One of the things that keeps me hopping is my volunteer work for ReconcilingWorks, the non-profit that helps Lutheran churches welcome include, and celebrate LGBTQ people.  This is truly rewarding work, and I love getting to go to different churches and provide trainings and get to know people in different parts of the country.  This year I was able to fly to Orlando to co-lead a large training of churches who wanted to take action after the Pulse shooting.  It was a little intimidating for me because I knew that the people in the class were impacted by the violence against LGBT and Latino community members. I was deeply moved by their participation. 
At any of my trainings, I come out to people in presentations as a bisexual trans man, and speak to my experience, while also training them on concepts of hospitality and gender identity. This leads to many interesting questions and great discussions.  I love this work, and all of the people I meet.  And I find it interesting that I’m happy to do public speaking and train large groups, but afraid of other things, like driving in snow and ice, or rain, or curvy roads.  You get the picture. J   If you’re intrigued about a group that works for welcome in churches, we’re at
I’m also excited to work on an event that our local ReconcilingWorks chapter is throwing:  a huge community wide service of welcome: January 29th, West Linn Lutheran Church, 5pm. Our theme is “Building the Beloved Community,” which you may recognize from Martin Luther King Jr’s philosophy.  The music is again going to be awesome, and the service will be followed by a potluck dinner. Food+music+community = winning.  It is one of my favorite events of the year and you’re all invited.  Unless you don’t want to come because it’s church, and that’s totally cool too. J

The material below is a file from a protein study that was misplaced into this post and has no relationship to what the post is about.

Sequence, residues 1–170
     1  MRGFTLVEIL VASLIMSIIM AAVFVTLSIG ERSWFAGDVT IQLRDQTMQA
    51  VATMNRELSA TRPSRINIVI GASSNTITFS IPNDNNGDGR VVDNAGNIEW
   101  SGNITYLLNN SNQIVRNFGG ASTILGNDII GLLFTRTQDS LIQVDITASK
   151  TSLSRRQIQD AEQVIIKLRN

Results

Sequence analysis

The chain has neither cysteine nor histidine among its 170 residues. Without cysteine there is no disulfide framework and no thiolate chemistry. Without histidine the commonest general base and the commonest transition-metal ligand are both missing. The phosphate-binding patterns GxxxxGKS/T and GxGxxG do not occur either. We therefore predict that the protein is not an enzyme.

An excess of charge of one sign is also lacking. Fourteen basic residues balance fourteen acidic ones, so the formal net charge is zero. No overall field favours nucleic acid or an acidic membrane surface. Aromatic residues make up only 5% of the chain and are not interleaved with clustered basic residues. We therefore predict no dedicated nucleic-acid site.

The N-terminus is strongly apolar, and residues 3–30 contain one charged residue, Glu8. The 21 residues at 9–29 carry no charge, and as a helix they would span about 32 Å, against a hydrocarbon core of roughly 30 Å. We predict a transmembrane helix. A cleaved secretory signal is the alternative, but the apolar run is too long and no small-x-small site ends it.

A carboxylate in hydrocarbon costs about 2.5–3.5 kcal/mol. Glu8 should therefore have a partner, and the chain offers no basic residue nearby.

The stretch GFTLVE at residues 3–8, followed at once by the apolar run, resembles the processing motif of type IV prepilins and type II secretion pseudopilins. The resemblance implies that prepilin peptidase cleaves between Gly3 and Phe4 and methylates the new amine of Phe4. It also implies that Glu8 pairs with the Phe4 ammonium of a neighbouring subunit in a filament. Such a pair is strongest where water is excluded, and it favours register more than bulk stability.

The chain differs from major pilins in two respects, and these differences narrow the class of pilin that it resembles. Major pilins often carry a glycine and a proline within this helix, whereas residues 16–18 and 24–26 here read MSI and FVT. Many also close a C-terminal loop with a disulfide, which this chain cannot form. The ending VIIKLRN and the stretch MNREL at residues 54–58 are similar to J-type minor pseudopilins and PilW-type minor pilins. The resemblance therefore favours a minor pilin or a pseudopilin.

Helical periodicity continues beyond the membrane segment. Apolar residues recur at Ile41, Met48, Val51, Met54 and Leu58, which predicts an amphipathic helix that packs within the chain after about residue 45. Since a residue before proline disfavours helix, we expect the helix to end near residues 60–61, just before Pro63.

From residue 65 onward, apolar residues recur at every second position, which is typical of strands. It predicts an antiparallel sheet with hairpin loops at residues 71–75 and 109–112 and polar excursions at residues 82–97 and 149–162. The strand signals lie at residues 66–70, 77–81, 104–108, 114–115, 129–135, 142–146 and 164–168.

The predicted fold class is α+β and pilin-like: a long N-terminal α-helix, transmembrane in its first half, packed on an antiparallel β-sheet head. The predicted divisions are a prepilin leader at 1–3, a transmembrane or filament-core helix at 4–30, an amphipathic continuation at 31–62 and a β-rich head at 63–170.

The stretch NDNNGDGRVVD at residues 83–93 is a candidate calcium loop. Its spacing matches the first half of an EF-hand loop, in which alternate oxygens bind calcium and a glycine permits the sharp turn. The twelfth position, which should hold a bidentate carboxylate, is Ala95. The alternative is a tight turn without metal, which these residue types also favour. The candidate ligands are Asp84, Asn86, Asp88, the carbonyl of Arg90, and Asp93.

But the most exciting news didn’t make it until page 2?!!  I had to build the suspense for this one. J  The Lutheran church in Oregon hired me to be an advocate for the LGBTQ community, to listen to people’s stories and hear their experiences with church, and in general.  One of the outcomes is that we have a new little start-up church that meets (for now) in my living room every week.  We named our church “The Flame”.  It is a pretty small group for now, primarily LGBTQ folks and allies.   We meet at 6pm, so we don’t compete with the Sunday brunch hour! J 
Even though I started a church, I still will never try to convert anyone.  It’s not my business what any of you believe.  We don’t have to agree.  Truly.  I think differing opinions and a variety of experiences is beautiful, and I love y’all.